Direct download (3 more)  
     
    Export citation  
     
    Bookmark   85 citations  
  • Ethical End-of-Life Palliative Care: Response to Riisfeldt.Heidi Giebel - 2020 - Journal of Medical Ethics 46 (1):51-52.
    In a recent article, 1 Riisfeldt attempts to show that the principle of double effect is unsound as an ethical principle and problematic in its application to palliative opioid and sedative use in end-of-life care. Specifically, he claims that routine, non-lethal opioid and sedative administration may be “intrinsically bad” by PDE’s standards, continuous deep palliative sedation should be treated as a bad effect akin to death for purposes of PDE, PDE cannot coherently be applied in cases where death “indirectly” furthers (...)
    Direct download (5 more)  
     
    Export citation  
     
    Bookmark   2 citations  
  • The Doctrine of Double Effect: Intention and Permissibility.William J. FitzPatrick - 2012 - Philosophy Compass 7 (3):183-196.
    The Doctrine of Double Effect (DDE) is an influential non-consequentialist principle positing a role for intention in affecting the moral permissibility of some actions. In particular, the DDE focuses on the intend/foresee distinction, the core claim being that it is sometimes permissible to bring about as a foreseen but unintended side-effect of one’s action some harm it would have been impermissible to aim at as a means or as an end, all else being equal. This article explores the meaning and (...)
    Direct download (2 more)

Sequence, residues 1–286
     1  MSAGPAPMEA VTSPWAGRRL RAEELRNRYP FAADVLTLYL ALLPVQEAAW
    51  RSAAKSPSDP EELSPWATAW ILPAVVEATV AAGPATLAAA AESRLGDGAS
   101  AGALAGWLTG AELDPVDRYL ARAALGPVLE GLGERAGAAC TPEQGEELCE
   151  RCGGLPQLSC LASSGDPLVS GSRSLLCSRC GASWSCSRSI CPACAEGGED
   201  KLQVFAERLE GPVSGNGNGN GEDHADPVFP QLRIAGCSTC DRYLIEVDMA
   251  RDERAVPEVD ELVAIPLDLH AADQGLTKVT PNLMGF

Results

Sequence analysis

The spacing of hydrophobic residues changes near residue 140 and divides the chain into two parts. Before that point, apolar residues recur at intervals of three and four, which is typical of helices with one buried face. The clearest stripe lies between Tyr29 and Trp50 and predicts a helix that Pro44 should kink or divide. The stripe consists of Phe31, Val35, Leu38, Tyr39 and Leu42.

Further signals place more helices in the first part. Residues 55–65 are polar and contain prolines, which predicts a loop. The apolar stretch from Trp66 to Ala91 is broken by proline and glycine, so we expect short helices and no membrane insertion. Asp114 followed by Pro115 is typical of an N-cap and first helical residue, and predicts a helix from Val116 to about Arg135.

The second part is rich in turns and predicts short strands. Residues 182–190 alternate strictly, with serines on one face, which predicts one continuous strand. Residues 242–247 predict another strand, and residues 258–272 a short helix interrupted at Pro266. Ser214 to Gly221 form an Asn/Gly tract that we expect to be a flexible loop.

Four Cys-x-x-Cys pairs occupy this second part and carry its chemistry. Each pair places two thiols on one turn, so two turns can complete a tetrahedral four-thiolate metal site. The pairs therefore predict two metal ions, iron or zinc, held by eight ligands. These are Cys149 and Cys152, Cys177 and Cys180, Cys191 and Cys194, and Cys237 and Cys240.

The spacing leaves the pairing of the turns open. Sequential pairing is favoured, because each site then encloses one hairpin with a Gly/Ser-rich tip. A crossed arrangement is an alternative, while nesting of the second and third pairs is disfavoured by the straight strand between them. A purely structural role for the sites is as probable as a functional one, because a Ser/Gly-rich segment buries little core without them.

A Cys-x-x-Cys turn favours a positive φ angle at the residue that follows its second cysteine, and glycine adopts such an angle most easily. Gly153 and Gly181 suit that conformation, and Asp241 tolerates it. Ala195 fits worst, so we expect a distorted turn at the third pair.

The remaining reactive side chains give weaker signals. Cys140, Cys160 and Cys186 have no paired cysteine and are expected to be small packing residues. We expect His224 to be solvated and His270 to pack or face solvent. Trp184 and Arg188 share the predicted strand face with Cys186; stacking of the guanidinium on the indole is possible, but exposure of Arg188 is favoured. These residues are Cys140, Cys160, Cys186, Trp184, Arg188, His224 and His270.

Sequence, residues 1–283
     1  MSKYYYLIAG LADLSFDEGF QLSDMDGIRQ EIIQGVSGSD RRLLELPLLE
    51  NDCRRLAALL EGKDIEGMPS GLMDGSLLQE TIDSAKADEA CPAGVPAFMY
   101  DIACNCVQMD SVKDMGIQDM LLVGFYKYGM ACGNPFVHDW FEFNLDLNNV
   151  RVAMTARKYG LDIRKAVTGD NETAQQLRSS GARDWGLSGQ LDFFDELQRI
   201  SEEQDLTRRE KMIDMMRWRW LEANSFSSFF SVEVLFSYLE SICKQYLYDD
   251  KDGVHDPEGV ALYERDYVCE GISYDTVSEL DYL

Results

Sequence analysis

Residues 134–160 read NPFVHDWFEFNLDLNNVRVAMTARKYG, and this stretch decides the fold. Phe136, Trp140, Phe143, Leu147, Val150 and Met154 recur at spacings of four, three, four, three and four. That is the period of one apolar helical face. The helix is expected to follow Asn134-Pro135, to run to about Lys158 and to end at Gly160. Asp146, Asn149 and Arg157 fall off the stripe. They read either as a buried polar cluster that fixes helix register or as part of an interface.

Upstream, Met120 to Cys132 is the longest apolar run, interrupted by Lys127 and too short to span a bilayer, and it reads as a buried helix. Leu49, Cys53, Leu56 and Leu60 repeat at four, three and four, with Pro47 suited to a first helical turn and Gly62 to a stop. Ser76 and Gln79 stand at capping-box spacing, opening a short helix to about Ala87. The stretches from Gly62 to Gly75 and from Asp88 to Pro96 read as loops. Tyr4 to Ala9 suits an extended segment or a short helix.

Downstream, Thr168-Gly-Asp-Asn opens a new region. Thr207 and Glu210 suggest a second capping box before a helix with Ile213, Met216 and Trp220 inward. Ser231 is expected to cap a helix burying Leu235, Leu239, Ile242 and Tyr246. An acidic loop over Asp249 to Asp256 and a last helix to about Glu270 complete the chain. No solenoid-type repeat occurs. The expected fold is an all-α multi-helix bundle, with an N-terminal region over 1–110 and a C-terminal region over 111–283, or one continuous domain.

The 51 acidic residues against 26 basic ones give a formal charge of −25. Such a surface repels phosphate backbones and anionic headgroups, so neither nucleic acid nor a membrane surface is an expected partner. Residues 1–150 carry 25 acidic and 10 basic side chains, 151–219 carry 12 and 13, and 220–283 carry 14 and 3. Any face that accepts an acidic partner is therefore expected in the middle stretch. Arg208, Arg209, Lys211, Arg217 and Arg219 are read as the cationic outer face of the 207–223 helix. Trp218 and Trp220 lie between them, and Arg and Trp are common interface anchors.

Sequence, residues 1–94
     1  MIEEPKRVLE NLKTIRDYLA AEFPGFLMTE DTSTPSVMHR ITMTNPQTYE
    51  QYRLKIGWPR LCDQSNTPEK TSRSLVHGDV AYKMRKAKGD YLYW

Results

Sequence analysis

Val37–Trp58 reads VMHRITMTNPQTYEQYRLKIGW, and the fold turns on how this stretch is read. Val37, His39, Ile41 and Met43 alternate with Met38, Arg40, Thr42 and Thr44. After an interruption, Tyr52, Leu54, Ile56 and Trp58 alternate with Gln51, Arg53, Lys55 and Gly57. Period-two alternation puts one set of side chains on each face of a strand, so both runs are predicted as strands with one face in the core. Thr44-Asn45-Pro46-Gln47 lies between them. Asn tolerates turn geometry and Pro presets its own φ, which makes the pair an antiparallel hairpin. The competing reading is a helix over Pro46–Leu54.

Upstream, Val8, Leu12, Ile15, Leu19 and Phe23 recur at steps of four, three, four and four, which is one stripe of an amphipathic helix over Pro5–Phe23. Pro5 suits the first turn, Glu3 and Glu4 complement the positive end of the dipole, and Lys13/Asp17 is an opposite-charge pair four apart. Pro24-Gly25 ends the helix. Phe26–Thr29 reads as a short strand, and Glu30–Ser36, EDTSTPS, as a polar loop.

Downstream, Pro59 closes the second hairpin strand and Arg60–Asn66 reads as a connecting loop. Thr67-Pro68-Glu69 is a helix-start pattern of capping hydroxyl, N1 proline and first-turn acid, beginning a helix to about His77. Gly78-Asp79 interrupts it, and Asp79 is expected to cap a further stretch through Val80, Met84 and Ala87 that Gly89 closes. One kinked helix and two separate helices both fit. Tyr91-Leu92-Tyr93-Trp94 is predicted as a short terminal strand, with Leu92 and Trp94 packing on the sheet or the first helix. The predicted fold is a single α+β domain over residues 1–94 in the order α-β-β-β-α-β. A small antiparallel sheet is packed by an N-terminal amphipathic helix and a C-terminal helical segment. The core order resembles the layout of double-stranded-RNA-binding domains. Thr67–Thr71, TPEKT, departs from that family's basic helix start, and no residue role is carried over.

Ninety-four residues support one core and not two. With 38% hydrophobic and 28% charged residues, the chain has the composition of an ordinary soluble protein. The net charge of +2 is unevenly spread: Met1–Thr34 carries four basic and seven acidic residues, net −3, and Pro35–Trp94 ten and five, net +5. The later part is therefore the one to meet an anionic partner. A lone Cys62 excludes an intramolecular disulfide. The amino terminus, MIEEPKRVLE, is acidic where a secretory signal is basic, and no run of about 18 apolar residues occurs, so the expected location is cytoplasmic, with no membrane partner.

Export citation  
     
    Bookmark   18 citations  
  • The Asian Disease Problem and the Ethical Implications Of Prospect Theory.Sandra Dreisbach & Daniel Guevara - 2019 - Noûs 53 (3):613-638.
    We discuss the bearing of Daniel Kahneman and Amos Tversky's Prospect Theory on some central issues in ethics. It has been argued that the theory provides a better explanation of our intuitive responses to some important ethical decision cases—like some famous cases put by Philippa Foot and others—than traditional and widely acknowledged ethical principles do. In this way, Prospect Theory contributes to the new wave of skepticism, emanating from the social sciences, about the role of intuitive judgments in ethical theory (...)
    No categories
    Direct download  
     
    Export citation  
     
    Bookmark   3 citations  
  • Recent Work on the Ethics of Self-Defense.Tyler Doggett - 2011 - Philosophy Compass 6 (4):220-233.
  • Self-Sacrifice and the Trolley Problem.Ezio Di Nucci - 2013 - Philosophical Psychology 26 (5):662-672.
    Judith Jarvis Thomson has recently proposed a new argument for the thesis that killing the one in the Trolley Problem is not permissible. Her argument relies on the introduction of a new scenario, in which the bystander may also sacrifice herself to save the five. Thomson argues that those not willing to sacrifice themselves if they could may not kill the one to save the five. Bryce Huebner and Marc Hauser have recently put Thomson's argument to empirical test by asking (...)
    Direct download (4 more)